Cadbury Dairy Milk packaging
Image by renaissancechambara via Flickr

The things a blog post can lead to! Cadbury, as some of you may know, is facing a potential bidding war between Hershey and Kraft soon to take over the venerable British confectionery firm. I blogged about this recently so today was filmed — shriek! — talking about the deal for BBC, to be shown in Bristol, where Cadbury is located. My voice, husky right now with a tenacious cold, is apparently going to be used in BBC radio reports.

It was odd fun. We filmed the piece at Tea & Sympathy, a great candy and tea shop on Greenwich Avenue in Manhattan, with the proprietor, Nikky Perry, a woman my age who’s a hoot. For someone who loves really good chocolate, being surrounded by boxes of Maltesers and Crunchies was heaven, even if I had to be lucid, for multiple takes, about business. Nikky made me a good strong cuppa’ (tea) which I sipped between takes and we shot several angles of me pretending to buy a Crunchie, a bar of infinite deliciousness.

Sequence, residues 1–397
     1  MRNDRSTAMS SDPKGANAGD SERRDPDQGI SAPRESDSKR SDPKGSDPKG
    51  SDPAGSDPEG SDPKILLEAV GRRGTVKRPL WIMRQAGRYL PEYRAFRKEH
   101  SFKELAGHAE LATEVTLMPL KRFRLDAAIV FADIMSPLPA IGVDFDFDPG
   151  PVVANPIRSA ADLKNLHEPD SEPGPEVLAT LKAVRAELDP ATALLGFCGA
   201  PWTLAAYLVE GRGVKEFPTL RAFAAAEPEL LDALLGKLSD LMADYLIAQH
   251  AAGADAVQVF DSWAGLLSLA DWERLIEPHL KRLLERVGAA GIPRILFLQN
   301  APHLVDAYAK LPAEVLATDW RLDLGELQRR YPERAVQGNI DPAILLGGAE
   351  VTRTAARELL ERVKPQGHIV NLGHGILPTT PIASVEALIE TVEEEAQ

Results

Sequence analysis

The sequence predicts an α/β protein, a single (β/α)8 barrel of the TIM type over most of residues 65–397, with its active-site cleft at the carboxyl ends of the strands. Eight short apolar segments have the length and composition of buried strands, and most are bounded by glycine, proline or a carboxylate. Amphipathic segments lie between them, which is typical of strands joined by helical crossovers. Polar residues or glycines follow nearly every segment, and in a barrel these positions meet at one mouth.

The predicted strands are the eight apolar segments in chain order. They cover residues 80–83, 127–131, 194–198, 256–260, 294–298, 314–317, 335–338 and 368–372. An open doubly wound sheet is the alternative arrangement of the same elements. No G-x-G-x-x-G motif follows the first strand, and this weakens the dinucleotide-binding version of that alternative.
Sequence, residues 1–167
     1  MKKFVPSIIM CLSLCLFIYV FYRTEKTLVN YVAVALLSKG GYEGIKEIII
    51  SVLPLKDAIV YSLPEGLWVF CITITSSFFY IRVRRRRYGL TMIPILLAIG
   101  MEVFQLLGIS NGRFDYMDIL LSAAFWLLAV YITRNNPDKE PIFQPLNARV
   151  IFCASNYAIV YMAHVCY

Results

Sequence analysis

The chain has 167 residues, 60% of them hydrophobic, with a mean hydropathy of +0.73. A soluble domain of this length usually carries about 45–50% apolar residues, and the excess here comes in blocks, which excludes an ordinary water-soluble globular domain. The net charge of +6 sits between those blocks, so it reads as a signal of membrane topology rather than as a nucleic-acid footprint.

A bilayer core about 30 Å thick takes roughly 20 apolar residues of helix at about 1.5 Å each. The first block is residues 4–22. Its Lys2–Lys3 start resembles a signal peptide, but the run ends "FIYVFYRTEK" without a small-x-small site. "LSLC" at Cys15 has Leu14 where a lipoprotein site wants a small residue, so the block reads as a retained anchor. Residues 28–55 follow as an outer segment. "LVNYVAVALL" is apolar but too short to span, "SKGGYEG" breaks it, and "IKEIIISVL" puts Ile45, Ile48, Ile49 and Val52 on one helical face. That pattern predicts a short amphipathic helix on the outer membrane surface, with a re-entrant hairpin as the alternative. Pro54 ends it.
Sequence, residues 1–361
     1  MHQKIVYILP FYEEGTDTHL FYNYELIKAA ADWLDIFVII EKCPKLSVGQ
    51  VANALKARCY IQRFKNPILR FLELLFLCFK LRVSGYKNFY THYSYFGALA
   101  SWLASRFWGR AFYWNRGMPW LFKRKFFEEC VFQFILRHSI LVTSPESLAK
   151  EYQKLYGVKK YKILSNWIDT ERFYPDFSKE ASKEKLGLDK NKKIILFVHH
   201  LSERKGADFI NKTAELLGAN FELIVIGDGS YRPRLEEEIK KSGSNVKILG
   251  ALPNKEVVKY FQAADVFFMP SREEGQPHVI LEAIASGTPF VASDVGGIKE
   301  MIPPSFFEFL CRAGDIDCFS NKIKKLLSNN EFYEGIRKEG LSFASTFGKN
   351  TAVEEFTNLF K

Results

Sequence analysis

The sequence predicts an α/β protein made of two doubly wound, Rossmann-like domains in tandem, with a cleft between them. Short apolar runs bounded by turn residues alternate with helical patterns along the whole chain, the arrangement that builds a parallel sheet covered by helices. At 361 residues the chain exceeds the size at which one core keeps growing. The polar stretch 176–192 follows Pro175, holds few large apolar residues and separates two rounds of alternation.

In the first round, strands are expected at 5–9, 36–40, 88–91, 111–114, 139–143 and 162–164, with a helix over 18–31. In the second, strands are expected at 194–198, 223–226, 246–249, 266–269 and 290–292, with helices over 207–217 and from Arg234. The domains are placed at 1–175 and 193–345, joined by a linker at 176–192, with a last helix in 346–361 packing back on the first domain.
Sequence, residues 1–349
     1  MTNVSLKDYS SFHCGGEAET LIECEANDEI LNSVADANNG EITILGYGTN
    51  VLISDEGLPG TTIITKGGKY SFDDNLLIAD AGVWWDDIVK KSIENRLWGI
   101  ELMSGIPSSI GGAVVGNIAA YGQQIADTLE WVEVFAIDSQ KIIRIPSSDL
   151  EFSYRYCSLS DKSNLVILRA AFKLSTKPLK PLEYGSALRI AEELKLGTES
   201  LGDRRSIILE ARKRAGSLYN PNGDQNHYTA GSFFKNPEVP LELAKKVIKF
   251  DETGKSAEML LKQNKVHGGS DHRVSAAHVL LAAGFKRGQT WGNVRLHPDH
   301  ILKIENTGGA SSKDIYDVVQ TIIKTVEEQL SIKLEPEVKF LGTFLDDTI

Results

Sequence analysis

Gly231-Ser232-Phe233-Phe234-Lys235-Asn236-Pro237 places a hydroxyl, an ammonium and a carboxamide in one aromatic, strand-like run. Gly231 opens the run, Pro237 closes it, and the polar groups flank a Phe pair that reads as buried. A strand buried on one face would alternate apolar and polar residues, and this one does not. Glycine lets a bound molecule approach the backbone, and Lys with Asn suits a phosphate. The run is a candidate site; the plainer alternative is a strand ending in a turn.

Her British husband dropped by, wearing a wool sweater whose entire front panel, neck to waist, was a huge Union Jack. Loved it.

I lived in England ages 2-5, then moved to Toronto, where British traditions still reigned and some, today, still do. We drink a lot of tea, make it in a large china teapot and put on top of that pot a woolen or cotton object that looks like a hat — a tea cosy — to keep the pot warm. Nikky’s shop had Christmas crackers (the kind with toys inside) and handmade tea cosies and even a mosaic portrait of Queen Elizabeth — who I met in 1984 while covering her visit to Canada.

On a bitterly cold Manhattan morning, what fun!

Designer Labia? Count Me Out, Boys

Doctors conduct a vagina surgery on a patient ...
Is this really the place for a scalpel? Image by AFP/Getty Images via Daylife